under any other international organization agreed to by the member 
countries of the North American Free Trade Agreement (NAFTA) or the 
member countries of the WTO.
    The President, pursuant to Proclamation No. 6780 of March 23, 1995 
(60 FR 15845), designated the Secretary of Agriculture as the official 
responsible for informing the public of the SPS standard-setting 
activities of Codex, OIE, IPPC, and NAPPO. The United States Department 
of Agriculture's (USDA's) Food Safety and Inspection Service (FSIS) 
informs the public of Codex standard-setting activities, and USDA's 
Animal and Plant Health Inspection Service (APHIS) informs the public 
of OIE, IPPC, and NAPPO standard-setting activities.
    FSIS publishes an annual notice in the Federal Register to inform 
the public of SPS standard-setting activities for Codex. Codex was 
created in 1962 by two United Nations organizations, the Food and 
Agriculture Organization (FAO) and the World Health Organization. It is 
the major international organization for encouraging international 
trade in food and protecting the health and economic interests of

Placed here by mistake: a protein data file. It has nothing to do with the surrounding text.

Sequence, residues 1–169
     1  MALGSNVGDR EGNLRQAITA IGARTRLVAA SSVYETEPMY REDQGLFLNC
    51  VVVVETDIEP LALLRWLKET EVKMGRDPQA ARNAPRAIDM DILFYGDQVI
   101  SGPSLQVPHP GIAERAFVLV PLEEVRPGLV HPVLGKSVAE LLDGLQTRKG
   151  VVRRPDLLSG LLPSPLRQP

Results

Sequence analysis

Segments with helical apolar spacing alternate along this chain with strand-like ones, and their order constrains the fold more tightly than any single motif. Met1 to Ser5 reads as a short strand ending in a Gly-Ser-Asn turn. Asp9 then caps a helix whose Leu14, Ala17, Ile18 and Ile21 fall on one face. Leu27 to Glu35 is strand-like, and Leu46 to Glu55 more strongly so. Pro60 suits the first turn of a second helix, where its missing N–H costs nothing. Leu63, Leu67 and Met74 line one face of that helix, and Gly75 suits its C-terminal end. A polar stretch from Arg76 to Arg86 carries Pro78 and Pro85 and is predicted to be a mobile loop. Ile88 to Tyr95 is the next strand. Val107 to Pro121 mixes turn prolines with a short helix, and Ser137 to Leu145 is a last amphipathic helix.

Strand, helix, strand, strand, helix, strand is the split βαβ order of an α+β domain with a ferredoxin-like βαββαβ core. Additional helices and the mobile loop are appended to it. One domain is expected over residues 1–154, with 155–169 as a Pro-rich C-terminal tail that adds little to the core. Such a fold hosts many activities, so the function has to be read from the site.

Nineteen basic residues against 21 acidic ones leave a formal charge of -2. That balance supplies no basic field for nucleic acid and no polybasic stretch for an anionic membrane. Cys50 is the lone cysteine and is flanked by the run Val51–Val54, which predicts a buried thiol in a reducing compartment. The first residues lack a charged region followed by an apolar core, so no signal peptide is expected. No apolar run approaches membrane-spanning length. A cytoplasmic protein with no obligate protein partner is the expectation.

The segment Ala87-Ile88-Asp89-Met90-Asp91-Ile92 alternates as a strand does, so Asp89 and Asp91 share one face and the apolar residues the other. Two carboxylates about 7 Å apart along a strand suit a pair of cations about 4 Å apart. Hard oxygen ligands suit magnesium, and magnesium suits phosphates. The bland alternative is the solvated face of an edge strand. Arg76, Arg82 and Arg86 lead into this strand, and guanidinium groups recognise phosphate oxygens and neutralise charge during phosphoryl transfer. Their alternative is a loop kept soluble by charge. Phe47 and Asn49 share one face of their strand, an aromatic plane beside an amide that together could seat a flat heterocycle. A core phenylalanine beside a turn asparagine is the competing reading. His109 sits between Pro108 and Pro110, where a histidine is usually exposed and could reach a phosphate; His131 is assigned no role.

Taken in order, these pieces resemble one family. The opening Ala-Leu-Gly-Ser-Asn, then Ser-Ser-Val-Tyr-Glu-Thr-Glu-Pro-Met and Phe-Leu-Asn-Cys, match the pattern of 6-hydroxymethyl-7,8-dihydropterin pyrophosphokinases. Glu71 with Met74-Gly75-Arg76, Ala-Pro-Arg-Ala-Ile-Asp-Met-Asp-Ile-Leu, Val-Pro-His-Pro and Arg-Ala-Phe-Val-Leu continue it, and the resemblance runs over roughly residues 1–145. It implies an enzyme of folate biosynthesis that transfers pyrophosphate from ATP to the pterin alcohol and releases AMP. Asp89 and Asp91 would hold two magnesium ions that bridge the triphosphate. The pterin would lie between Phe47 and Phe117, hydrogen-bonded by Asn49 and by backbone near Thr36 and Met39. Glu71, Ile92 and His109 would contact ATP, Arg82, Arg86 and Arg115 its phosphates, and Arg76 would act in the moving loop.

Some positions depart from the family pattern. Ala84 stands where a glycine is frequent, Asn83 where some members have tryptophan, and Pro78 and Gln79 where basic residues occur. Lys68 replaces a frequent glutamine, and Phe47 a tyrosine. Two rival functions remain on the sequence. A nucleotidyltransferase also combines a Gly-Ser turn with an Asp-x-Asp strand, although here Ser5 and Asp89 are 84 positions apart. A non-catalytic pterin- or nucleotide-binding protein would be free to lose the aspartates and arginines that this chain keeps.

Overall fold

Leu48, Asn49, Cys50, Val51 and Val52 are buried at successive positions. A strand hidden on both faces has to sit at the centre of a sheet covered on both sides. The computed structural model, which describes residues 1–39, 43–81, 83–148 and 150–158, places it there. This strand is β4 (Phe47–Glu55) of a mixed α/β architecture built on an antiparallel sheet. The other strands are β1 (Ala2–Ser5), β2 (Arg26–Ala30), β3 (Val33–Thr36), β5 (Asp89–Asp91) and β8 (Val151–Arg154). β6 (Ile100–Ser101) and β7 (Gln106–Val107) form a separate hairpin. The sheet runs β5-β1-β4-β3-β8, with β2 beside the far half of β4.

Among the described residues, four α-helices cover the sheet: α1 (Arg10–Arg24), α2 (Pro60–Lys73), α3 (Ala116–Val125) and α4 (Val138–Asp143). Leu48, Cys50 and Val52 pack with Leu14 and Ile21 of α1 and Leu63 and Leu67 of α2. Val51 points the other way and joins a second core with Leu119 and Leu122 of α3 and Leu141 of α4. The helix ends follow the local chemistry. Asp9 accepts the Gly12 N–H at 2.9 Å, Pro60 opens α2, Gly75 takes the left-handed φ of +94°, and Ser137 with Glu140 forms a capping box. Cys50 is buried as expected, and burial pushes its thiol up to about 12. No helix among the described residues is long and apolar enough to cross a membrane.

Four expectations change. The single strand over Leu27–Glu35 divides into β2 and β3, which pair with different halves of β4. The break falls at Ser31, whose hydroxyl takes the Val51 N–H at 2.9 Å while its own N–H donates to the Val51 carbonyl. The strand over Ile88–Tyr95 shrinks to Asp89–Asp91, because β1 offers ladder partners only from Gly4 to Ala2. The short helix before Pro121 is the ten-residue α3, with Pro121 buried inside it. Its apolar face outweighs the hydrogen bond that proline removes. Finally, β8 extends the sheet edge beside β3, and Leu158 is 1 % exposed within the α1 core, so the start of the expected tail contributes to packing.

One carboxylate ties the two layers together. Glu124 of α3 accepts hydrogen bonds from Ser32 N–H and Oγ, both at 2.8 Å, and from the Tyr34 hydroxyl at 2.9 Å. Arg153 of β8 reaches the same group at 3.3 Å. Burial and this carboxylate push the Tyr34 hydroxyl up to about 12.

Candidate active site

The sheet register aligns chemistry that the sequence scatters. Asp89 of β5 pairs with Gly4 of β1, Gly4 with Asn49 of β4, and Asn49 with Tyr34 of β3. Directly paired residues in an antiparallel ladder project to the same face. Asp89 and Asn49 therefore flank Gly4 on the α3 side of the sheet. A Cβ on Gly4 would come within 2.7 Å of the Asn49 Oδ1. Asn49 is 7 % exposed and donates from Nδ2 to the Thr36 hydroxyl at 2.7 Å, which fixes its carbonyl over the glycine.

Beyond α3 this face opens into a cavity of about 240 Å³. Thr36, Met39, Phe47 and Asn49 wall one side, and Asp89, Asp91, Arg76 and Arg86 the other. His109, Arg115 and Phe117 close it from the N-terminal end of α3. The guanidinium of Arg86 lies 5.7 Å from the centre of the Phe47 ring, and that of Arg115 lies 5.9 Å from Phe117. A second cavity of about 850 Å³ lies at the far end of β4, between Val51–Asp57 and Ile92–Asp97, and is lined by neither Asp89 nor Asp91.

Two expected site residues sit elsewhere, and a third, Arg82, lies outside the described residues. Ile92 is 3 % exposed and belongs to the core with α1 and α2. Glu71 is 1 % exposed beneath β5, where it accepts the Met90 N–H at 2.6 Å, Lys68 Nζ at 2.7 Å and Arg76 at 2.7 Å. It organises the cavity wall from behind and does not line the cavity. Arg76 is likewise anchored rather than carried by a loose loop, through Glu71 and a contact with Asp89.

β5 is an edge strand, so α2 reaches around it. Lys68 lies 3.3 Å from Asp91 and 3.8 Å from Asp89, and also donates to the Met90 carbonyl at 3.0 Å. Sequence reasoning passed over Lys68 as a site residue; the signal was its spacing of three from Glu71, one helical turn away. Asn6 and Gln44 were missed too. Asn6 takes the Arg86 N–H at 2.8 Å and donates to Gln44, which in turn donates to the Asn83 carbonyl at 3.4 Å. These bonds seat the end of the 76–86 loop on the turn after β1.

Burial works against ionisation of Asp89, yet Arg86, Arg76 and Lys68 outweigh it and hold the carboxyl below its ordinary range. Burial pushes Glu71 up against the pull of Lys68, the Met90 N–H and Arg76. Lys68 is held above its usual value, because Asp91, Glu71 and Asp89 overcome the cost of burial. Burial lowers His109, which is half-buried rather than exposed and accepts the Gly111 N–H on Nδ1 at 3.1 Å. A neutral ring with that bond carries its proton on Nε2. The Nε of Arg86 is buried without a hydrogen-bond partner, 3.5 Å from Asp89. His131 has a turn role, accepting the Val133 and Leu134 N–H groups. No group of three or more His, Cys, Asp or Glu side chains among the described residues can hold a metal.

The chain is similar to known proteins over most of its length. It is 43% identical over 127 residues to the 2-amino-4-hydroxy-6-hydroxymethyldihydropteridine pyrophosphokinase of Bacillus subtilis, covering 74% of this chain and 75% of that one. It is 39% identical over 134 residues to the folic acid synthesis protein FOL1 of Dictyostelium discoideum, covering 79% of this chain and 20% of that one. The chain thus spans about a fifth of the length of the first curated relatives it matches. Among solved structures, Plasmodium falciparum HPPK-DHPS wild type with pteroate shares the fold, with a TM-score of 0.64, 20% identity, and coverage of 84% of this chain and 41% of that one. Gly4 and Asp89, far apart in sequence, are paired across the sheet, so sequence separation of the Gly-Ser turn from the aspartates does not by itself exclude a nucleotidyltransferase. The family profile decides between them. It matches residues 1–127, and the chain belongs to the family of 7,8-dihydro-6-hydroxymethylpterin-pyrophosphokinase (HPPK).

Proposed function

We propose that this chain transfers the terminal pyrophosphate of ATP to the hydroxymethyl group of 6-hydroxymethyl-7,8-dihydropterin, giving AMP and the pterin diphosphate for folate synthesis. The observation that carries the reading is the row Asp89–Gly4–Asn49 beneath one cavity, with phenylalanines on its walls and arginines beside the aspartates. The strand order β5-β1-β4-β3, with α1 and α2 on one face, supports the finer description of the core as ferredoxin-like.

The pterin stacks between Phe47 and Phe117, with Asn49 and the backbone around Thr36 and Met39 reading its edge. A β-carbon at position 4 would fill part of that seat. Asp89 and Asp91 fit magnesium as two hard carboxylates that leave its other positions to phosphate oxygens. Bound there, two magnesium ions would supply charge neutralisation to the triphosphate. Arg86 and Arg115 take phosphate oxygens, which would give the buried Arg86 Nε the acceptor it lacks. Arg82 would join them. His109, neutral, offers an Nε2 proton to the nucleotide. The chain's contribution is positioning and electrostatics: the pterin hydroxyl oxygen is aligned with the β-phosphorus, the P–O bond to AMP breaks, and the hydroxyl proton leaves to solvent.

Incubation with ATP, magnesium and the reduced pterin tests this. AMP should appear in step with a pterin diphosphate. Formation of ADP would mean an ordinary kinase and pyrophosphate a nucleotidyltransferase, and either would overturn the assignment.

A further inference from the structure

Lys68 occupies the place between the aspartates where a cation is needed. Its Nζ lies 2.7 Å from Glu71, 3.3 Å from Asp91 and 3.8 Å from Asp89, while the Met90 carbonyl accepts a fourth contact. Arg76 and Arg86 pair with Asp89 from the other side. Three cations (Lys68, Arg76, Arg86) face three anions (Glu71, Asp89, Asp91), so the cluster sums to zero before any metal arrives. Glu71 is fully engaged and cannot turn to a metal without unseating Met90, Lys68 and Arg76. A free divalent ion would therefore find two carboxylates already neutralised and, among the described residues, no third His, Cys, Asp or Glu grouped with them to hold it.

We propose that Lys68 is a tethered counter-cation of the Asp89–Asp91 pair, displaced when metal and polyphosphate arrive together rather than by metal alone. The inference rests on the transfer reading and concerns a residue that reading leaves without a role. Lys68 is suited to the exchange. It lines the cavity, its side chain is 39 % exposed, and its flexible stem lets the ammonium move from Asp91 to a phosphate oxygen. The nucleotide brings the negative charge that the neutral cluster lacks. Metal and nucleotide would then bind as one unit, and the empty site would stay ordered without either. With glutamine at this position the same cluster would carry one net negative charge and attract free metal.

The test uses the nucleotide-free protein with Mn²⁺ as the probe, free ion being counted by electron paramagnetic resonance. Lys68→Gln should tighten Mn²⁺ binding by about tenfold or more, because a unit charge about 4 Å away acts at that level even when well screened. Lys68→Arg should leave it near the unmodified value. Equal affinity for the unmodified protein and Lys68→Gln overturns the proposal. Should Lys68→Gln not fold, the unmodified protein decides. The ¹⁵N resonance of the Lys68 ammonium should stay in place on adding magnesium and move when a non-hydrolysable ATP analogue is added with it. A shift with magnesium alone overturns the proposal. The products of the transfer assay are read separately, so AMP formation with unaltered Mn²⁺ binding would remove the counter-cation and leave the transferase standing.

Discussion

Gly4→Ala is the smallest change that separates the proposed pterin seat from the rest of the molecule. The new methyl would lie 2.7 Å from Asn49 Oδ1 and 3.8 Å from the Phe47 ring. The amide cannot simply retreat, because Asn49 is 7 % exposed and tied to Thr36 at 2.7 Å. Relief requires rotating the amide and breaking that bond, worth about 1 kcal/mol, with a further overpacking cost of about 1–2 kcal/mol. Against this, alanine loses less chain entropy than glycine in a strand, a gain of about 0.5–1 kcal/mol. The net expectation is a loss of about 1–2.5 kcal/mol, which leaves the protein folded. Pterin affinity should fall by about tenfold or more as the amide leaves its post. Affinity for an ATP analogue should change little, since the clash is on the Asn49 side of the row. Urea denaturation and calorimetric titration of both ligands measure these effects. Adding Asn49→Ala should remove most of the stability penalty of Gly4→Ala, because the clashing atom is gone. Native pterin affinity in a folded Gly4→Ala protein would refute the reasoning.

consumers.
    APHIS is responsible for publishing an annual notice of OIE, IPPC, 
and NAPPO activities related to international standards for plant and 
animal health and representing the United States with respect to these 
standards. Following are descriptions of the OIE, IPPC, and NAPPO 
organizations and the standard-setting agenda for each of these 
organizations. We have described the agenda that each of these 
organizations will address at their annual general sessions, including 
standards that may be presented for adoption or consideration, as well 
as other initiatives that may be underway at the OIE, IPPC, and NAPPO.
    The agendas for these meetings are subject to change, and the draft 
standards identified in this notice may not be sufficiently developed 
and ready for adoption as indicated. Also, while it is the intent of